The Sunday Mail
ZIMBABWE can only be built into a great nation as envisioned under Vision 2030 if we as a people take pride in our country.
But for starters, if we do not take pride in ourselves and in our country, why should we expect others to do so?
Some of our countrymen and women speak of this country as though they are spectators — yet it is our motherland.
As I indicated in my contribution last week, we are becoming a nation of whiners, forever whining about things that are not going right instead of putting aside our petty differences and working together for the good of our country.
Zimbabwe’s economic recovery is not a mission impossible — it is a mission possible. We can turnaround the economic meltdown in no time if we are united and share a common vision as one nation.
The tide for building Zimbabwe’s economy cannot rise if as Zimbabweans we are not confident that we can move this country to greater heights.
It looks like most of us think that foreign countries hold the key to our economic development and social transformation agenda envisioned under Vision 2030.
Some of our journalists have also joined in the “whining chorus”, always complaining about what is going wrong instead of motivating our people and boosting their morale when the chips are down.
Some of our journalists never report any positive news coming out of Zimbabwe. They spend their energy and resources reporting on negative things as if nothing positive is happening in the country.
We have so many things that Government is doing right, yet some of our media houses ignore it, only focusing on the negatives.
Some of our esteemed journalists have helped harden the negative picture painted on Africa by Western mainstream media, tomes of Western literature, films and magazines.
Unless some of our prominent local journalists change course and realise that Zimbabwe belongs to them too, it is their home, the home of their forefathers, the home for their children, we will continue in the same “colonial mould” of portraying our people and our countries as backward.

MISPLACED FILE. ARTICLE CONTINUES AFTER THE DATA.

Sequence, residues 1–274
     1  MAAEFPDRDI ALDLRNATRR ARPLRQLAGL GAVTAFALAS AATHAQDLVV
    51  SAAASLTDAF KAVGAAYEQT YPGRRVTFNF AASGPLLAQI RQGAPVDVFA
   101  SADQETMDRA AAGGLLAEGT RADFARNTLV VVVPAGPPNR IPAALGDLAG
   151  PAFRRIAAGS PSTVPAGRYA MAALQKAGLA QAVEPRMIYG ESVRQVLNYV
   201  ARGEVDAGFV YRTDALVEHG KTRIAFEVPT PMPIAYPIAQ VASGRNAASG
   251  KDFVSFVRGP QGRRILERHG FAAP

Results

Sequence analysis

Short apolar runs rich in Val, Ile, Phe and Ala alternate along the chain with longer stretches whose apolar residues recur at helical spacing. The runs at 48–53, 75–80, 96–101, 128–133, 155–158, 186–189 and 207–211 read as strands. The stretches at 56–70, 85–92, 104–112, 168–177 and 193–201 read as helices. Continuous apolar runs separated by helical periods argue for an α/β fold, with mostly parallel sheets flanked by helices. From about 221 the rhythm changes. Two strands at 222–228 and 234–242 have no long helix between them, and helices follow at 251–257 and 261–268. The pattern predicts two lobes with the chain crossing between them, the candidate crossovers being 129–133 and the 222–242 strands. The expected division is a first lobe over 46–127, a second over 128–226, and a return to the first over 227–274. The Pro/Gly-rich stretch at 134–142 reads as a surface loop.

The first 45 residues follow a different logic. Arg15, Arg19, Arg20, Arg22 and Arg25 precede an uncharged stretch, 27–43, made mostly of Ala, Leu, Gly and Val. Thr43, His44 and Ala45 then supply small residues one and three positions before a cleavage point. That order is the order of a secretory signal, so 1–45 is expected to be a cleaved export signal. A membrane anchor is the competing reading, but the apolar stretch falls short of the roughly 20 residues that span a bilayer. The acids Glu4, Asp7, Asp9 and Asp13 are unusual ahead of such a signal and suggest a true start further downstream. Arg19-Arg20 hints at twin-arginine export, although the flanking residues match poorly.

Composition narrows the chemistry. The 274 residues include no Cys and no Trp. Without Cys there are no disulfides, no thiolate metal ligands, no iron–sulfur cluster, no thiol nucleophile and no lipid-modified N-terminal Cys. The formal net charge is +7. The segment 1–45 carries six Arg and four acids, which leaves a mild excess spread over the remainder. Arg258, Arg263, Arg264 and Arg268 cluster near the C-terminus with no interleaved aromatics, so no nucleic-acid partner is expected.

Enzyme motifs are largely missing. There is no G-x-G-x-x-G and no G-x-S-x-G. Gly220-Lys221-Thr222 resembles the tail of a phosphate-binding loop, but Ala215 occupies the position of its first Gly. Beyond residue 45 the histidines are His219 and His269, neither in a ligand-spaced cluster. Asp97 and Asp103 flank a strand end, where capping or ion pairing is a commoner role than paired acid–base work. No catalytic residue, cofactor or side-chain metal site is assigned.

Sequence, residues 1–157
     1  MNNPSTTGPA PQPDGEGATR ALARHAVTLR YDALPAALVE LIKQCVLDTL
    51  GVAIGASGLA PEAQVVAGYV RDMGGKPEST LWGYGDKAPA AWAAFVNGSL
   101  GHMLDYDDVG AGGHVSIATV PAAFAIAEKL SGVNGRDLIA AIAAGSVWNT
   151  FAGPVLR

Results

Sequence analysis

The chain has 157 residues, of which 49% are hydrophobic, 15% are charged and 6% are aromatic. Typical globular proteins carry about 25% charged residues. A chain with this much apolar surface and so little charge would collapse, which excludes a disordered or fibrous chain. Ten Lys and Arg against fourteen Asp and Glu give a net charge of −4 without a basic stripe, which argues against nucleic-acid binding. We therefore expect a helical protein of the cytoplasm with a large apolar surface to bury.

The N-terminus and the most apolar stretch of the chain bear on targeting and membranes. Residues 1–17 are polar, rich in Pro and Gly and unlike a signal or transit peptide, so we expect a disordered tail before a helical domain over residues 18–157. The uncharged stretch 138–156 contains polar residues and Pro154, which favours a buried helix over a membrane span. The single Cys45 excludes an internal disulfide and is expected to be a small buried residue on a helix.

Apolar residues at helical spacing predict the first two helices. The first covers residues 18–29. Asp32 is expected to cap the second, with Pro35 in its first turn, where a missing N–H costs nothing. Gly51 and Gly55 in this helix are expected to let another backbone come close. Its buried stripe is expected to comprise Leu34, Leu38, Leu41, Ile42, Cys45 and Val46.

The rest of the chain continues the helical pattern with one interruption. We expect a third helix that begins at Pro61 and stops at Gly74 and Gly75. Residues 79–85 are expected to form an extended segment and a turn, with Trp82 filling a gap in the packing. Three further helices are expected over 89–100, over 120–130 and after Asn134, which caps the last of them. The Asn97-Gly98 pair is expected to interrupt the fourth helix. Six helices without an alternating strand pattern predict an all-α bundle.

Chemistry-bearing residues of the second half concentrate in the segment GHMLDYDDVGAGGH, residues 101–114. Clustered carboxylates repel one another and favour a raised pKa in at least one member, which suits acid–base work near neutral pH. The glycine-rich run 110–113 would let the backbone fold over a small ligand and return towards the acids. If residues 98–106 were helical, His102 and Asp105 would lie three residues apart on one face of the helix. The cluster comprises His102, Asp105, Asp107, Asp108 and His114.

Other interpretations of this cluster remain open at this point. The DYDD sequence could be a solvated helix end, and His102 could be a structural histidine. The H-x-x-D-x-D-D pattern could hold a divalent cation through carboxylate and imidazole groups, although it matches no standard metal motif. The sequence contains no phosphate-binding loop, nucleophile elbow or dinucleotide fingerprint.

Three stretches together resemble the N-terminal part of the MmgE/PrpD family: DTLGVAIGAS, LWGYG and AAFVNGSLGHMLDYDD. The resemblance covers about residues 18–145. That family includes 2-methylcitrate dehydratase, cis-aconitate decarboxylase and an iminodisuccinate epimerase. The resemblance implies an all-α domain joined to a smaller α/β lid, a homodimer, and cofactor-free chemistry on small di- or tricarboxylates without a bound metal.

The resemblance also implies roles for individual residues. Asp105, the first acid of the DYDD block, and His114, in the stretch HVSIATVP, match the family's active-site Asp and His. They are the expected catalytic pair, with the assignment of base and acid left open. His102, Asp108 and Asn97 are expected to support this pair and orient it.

Negative perceptions on Africa, on Zimbabwe, held by Western mainstream media, and beamed on their international news channels, will remain and solidify unless as Africans we counter these negative stereotypes about our people and our countries, which have coagulated over decades to be perceived as reality.
It is said that negative perceptions repeated continuously over time, tend to become reality. Perceptions are powerful and become more real than the real thing over time.
Africans should start believing, respecting and caring for themselves and our community as espoused in our traditional African values of ubuntu.
Most of our journalists think that by reporting negatively about their country they are fixing Government, no you are fixing yourself, the current and future generations.
The challenge for African journalists is to stop whining and, for a change, divert energies into motivating development and showcasing the right things coming out of the continent.
As Zimbabwean scribes we must abandon the notion of focusing on the negatives or crying over what we think is going wrong in the land.
Unless we learn to give praise where it is due, we risk continuing in the same mould — singing, like kindergarten kids, the same chorus of wrongs but with destructive outcomes to our own economic development and transformation agenda envisioned under Vision 2030 and other Government programmes.
In his column in the June issue of New African — “Praise where praise is due”, veteran columnist, Baffour Ankomah, remarked: “For once, in a long while, I am going to do something journalists don’t normally do: give praise where praise is due. Our professional calling enjoins us to point out wrongdoing most of the time, and therefore we unwittingly get stuck in that groove, forever whining and whining about wrongdoing and never seeing the good the land (Africa) has produced.
“God should forgive us, for it is a sin that modern journalism, especially its African version, has honed into an art form, to our eternal shame.”
Truer words could not have been spoken.
The positives coming out of our great country, our vibrant and hardworking people, our incredible traditions and cultural heritage, our richness in human and natural resources, our parks and abundant wildlife, our wealth in diversity — is being kept away, being hidden from us and those abroad, paradoxically by none other than our own scribes.
Feedback: [email protected]